If the RBA cuts rates after tomorrow’s meeting, it will be the first rate move in nearly three years, after 30 consecutive meetings leading to a hold in interest rates.
Research conducted by comparison site Finder shows that one in four market experts think the RBA will drop the cash rate on Tuesday, 7 May, with 84 per cent foreseeing a cut by August.
Similarly, Betashare chief economist David Bassanese believes the RBA will cut rates this week.
“I suspect the RBA will bow to the inevitable and cut rates tomorrow. From a presentational perspective, that fact it can base a rate cut on the ‘good news’ of low inflation, rather than the ‘bad news’ of rising unemployment is one consideration,” Mr Bassanese said.
“The other consideration is that its Quarterly Statement on Monetary Policy is due on Friday, and the RBA tends to prefer to act first and explain later, rather than the other way around,” said Mr Bassanese.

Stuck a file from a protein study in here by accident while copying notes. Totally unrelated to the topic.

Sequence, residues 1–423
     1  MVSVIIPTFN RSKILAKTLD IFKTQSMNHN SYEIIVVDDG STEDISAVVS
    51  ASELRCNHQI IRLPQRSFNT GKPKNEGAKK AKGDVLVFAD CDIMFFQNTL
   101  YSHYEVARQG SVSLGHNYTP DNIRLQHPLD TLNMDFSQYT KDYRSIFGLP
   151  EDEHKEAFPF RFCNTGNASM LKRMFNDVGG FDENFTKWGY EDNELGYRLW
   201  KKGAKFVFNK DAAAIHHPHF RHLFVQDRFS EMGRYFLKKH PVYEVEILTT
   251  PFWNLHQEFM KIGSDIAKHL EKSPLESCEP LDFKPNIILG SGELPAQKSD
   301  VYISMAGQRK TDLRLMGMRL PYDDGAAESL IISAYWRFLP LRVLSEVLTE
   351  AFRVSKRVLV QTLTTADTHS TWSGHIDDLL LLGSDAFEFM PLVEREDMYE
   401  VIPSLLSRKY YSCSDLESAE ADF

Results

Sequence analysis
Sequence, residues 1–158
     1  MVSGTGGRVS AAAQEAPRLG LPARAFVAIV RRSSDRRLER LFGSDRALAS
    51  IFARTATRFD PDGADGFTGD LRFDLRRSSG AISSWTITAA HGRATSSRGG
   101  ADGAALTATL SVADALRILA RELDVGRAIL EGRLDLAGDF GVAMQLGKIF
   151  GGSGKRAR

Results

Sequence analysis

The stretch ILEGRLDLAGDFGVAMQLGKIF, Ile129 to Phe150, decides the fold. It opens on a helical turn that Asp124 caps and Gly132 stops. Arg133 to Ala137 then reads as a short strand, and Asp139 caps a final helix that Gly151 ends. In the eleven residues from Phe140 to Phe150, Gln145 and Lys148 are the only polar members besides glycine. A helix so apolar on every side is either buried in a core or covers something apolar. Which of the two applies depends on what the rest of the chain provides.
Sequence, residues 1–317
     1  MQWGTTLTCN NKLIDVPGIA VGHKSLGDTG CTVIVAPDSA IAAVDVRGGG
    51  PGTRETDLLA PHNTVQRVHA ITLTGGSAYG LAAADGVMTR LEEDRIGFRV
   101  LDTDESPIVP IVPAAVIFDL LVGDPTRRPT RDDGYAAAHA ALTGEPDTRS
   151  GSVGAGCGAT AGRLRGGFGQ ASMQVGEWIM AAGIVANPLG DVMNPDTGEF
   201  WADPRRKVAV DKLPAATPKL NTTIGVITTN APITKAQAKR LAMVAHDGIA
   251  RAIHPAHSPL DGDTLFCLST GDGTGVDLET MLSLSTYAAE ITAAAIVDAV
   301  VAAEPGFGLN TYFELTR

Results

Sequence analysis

So how would a rate cut affect the banks?
Online trading provider IG explains how interest rates affect profits for banking and credit institutions.
A country’s cash rate is the principle debt a lender, such as a bank or credit provider, needs to pay. The higher the rate, the more credit the bank can provide through increase in consumer savings.
High interest rates also help the bank as it provides a greater gap between what they charge consumers and what they pay to the bank, according to a report by Banking for International Settlements (BIS).
If the rate falls, the complete opposite happens. Falling rates leads to a reduction in what a bank can charge and how much deposits it has to draw from. Long-term lower rates leads to a strain on profits and increases risk-taking from the creditors, according to BIS.
Why are the rates changing?
According to ING Bank’s Michael Witt, weak inflation numbers are a concern for the RBA.
“The inflation print is a concern for the RBA, notwithstanding the positive labour market, the RBA will be seeking to reflate the economy. It must be remembered that interest rate changes have a lagged impact on the economy,” said Mr Witt.
While AMP’s Shane Oliver attributes it also to a falling housing market.
“Rate cuts were already on the way thanks to slower economic growth and the downturn in the housing cycle, but weaker than expected underlying inflation in the March quarter argues that the RBA should move sooner rather than later,” said Mr Oliver.